This relatively easy method entails connecting the aux to the RCA port. If you’re reading thus far, I am guessing you’ve followed my instructions.

In that case, your stereo should already be removed, and you have located the RCA. So, let’s get to it.

Connect the Y-Adapter

Grab the Y-Adapter. Check whether you have bought the right one. It should have two ends – 2 RCA inputs at one end, one colored red and the other colored white, and a 3.5 mm input at the opposite end.

So, if your cable matches my description, you, indeed, have bought the correct one. Great!

Take the red RCA end, and plug it in the red port. Similarly, take the white one, and plug it in the white port.

Finally, the time has come for the part we all have been waiting for. Take the 3.5mm jack and plug it into your phone or the device from which you will receive the audio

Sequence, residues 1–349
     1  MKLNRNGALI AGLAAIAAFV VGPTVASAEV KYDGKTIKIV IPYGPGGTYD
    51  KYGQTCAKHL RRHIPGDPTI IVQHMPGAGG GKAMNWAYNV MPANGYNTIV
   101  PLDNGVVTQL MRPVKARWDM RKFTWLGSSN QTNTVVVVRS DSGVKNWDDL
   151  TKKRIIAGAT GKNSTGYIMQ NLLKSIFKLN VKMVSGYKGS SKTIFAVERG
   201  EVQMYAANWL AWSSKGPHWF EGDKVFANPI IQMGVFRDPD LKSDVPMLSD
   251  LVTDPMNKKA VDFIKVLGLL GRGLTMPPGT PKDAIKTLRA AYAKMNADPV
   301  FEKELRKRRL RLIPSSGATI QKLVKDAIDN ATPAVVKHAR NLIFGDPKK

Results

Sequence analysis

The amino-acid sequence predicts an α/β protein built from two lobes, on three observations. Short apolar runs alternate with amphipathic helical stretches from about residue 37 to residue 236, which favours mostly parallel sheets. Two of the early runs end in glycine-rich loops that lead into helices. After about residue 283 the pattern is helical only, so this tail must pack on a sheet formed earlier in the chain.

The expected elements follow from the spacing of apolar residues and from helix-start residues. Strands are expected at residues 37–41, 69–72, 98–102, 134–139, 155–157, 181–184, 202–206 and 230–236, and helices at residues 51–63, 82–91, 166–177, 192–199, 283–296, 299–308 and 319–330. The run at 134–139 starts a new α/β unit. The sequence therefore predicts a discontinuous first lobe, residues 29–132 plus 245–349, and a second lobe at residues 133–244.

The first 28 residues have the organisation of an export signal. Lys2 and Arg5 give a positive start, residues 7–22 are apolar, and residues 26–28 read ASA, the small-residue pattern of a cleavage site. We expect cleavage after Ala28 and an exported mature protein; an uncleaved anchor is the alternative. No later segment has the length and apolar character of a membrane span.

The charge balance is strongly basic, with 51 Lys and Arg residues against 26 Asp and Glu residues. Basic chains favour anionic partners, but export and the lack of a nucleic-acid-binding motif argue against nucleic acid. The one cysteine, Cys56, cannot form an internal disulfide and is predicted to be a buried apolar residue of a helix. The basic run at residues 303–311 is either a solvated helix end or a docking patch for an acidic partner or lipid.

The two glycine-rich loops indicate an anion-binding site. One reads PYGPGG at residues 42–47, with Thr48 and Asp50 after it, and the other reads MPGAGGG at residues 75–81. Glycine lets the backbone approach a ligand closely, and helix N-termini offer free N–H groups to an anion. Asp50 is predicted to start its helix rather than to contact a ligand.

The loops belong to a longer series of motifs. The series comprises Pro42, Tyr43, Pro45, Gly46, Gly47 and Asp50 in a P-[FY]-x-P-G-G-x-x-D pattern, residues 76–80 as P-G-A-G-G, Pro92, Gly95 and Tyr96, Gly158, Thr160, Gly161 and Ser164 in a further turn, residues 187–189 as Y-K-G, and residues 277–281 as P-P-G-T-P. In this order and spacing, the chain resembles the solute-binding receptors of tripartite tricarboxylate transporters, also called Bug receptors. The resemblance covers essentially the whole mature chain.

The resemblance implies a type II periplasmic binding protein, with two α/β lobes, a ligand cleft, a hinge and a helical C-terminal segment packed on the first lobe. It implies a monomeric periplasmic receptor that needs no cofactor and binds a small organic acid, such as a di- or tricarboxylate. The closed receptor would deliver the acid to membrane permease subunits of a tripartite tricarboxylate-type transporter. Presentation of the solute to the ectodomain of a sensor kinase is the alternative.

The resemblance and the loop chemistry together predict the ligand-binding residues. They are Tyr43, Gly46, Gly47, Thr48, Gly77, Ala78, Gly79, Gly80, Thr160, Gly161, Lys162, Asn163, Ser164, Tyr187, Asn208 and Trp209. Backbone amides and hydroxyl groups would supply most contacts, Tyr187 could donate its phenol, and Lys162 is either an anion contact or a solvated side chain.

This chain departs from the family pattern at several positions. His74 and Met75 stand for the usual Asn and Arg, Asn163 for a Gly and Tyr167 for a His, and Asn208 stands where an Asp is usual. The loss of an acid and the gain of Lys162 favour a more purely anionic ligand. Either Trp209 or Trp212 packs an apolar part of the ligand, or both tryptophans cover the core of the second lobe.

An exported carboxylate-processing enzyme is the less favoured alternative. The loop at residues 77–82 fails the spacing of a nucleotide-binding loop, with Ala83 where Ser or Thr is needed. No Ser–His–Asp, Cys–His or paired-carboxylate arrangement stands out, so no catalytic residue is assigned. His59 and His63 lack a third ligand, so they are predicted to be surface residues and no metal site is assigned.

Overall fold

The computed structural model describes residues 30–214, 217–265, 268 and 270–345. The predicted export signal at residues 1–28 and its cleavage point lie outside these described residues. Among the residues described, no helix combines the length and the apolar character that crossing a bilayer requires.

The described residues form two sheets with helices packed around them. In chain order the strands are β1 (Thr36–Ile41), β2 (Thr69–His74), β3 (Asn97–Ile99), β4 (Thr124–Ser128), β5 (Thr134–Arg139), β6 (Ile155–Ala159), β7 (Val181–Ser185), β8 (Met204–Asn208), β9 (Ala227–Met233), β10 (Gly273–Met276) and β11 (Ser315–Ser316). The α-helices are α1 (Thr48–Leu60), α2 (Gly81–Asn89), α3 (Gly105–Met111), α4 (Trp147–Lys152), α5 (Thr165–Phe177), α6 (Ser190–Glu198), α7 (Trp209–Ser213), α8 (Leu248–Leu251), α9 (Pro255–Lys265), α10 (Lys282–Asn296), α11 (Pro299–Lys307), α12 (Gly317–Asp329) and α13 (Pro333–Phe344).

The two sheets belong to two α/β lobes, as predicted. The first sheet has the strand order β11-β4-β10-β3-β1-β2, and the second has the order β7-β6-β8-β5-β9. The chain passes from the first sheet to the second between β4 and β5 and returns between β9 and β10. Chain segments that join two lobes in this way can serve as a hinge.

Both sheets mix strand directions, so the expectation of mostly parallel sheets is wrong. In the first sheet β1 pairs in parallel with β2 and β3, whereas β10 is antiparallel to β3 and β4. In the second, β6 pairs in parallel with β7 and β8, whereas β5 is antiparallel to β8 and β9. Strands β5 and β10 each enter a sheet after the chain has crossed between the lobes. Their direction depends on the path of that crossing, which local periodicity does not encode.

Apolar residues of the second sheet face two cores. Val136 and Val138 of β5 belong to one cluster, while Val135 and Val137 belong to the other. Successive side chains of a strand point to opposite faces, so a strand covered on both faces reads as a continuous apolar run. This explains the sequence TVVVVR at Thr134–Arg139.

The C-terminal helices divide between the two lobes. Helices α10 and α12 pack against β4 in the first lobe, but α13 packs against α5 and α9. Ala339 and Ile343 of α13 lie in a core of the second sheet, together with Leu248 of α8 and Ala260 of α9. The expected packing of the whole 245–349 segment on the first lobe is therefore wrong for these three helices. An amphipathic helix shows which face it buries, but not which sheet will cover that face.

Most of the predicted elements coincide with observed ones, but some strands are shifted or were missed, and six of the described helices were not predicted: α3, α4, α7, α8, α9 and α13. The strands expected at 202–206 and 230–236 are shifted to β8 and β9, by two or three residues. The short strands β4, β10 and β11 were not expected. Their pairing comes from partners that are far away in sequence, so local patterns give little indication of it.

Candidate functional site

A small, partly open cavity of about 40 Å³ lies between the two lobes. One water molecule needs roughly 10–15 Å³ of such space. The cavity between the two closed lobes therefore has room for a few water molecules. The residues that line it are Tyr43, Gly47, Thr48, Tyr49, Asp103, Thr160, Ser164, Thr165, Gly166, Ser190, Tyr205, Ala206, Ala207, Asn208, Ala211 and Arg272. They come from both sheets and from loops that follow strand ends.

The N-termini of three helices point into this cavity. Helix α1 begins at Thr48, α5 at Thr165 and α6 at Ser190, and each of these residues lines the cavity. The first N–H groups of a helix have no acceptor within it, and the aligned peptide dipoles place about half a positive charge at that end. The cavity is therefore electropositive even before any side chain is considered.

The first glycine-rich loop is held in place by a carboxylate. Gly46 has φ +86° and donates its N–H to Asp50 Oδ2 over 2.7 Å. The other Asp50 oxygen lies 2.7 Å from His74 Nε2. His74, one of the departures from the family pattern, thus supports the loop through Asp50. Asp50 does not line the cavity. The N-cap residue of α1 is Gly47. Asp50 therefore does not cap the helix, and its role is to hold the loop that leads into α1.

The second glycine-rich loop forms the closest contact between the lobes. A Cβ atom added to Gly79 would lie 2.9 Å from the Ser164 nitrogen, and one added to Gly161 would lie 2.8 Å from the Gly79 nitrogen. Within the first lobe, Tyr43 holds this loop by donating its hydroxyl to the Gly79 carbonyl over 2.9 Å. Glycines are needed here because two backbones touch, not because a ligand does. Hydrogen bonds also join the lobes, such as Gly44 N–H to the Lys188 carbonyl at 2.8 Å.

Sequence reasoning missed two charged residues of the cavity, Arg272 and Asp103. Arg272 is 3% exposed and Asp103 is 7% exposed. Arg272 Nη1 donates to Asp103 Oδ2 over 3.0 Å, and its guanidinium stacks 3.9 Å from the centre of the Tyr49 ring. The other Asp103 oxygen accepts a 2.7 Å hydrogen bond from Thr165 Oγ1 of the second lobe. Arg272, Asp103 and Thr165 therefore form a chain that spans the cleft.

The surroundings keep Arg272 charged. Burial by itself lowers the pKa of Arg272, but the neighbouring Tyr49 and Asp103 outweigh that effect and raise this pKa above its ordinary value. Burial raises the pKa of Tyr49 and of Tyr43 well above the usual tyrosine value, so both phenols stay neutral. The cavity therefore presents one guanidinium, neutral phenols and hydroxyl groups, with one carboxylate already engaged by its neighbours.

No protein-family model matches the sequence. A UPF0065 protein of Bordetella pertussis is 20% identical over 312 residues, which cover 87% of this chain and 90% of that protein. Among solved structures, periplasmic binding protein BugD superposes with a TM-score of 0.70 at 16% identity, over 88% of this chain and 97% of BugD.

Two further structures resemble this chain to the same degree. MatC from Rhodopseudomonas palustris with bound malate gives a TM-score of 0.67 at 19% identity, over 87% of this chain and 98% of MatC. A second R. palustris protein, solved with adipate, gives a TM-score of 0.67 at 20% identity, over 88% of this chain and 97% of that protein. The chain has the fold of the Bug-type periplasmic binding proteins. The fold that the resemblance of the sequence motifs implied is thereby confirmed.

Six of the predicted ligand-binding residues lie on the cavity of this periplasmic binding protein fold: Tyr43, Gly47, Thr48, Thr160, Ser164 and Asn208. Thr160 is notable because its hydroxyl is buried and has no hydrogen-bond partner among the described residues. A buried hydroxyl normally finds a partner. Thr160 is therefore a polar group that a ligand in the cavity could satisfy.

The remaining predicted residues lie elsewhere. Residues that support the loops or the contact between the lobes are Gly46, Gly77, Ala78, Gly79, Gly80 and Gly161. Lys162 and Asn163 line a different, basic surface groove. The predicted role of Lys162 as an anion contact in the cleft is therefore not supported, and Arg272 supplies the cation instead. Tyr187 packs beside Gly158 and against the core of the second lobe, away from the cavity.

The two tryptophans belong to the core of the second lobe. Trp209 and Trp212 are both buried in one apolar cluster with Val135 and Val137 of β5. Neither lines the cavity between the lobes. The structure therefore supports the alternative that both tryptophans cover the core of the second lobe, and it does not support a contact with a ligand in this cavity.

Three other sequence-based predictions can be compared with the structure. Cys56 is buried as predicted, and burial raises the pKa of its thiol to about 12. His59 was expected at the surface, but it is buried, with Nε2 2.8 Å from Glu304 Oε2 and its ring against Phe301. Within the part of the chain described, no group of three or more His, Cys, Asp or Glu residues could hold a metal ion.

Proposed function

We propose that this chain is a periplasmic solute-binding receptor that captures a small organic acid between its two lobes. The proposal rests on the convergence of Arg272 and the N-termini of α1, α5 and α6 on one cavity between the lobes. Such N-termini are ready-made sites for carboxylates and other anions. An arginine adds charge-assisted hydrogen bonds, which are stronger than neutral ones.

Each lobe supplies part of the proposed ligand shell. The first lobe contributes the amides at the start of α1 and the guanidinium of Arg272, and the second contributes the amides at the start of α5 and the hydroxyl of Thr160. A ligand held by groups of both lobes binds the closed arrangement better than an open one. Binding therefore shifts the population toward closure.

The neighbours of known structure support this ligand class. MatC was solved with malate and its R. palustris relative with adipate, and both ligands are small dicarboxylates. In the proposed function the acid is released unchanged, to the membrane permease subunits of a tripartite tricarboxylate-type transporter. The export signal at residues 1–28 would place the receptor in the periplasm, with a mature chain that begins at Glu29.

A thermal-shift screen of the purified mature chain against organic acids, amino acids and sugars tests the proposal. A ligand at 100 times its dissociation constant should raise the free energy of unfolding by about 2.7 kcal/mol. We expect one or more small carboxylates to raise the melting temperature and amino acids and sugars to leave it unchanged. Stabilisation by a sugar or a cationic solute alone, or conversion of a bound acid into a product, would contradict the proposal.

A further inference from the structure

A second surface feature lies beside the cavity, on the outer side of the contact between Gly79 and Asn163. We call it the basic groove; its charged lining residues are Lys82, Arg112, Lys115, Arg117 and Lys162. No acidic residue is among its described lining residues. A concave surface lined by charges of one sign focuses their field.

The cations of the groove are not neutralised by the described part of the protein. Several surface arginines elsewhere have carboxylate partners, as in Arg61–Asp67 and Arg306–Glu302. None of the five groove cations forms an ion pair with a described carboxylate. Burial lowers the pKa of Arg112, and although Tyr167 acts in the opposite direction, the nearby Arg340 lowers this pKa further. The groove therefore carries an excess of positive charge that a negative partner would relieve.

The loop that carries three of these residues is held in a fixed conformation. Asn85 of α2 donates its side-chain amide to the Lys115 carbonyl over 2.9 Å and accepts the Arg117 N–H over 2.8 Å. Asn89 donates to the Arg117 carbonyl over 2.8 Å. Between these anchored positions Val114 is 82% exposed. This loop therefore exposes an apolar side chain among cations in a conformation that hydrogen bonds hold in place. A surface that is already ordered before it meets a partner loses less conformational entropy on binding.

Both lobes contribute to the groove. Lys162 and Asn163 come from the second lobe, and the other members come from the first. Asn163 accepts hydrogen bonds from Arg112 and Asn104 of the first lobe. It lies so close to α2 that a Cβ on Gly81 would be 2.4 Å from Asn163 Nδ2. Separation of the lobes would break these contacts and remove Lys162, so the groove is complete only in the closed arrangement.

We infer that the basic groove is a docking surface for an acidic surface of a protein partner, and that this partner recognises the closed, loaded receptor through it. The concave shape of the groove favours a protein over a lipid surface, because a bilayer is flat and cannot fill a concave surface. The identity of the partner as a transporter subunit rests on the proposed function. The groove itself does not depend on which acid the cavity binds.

Play an audio track or something. The car’s speakers should diffuse what I call the sound of vindication.

The next and final step is to put the stereo back in its original place. Before doing so, make sure you firmly plug in the RCAs.

So, there you have it, the installation of an AUX – yes, it’s that easy. You’re welcome, by the way.

Second Method – The ‘Not-So-Easy’ One – CD Changer

If you’ve scrolled down to this part, it means you’re one of those unlucky people whose stereos don’t have the RCA port. You can either follow this or the latter one.

This method involves connecting the aux cable directly to the CD changer port.